Aim to land in Gran Canaria late morning and drive 15 minutes up the coastal motorway to the capital, Las Palmas de Gran Canaria, the biggest city in the Canaries.
Check into the Santa Catalina, A Royal Hideaway Hotel by Barceló, a grand dame of a five-star hotel that opened in 1890 and was recently totally renovated. It’s located within the old botanical garden, by the marina, between the Old Quarter and Las Canteras beach. This fine hotel is elegant and welcoming, and has a beautiful pool and spa plus a fantastic rooftop bar.
Wander the cobbled streets of charming Vegueta old town, with its historical buildings that has been standing for five centuries and stop for a healthy lunch and coffee before heading to the 4km golden sand beach of Las Canteras. Stroll along the beautiful promenade and dip your toes in the shallow sea that’s protected by a reef.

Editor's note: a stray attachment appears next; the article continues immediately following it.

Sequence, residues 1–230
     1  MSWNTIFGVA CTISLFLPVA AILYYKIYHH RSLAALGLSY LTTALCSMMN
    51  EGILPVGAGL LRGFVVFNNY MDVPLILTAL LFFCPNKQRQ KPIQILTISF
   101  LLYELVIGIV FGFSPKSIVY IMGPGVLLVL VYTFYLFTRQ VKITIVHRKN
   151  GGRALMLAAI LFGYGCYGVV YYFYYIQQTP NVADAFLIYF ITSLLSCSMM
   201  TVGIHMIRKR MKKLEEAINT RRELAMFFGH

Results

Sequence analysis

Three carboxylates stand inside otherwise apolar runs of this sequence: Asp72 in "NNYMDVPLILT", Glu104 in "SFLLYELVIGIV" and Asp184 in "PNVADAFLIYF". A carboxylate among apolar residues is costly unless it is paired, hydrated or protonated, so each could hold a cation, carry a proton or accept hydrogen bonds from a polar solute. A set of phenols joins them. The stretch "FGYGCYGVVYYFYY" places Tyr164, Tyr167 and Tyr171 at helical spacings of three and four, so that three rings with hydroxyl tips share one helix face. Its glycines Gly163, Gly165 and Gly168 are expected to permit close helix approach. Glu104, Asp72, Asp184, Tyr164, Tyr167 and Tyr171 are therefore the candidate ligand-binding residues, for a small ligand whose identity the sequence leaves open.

Las Palmas de Gran Canaria has several great food markets and Mercado del Puerto, at the northern end of Las Canteras beach, is a firm favourite for grazing your way through tapas and fresh produce in a beautiful wrought-iron building dating from 1891. Don’t miss the local speciality, papas arrugadas - wrinkled small potatoes, typically served with a chilli pepper garlic sauce, known as Mojo.
Day two and three
We’re heading out to discover the north of the island today. Take the motorway east and stop at the pretty little villages of Arucas, with its black-stone church and rum distillery, Firgas, with its quaint pedestrianised centre, and/or Gáldar, with its prehistoric rock paintings, before arriving at Agaete, on the north-west corner of the island.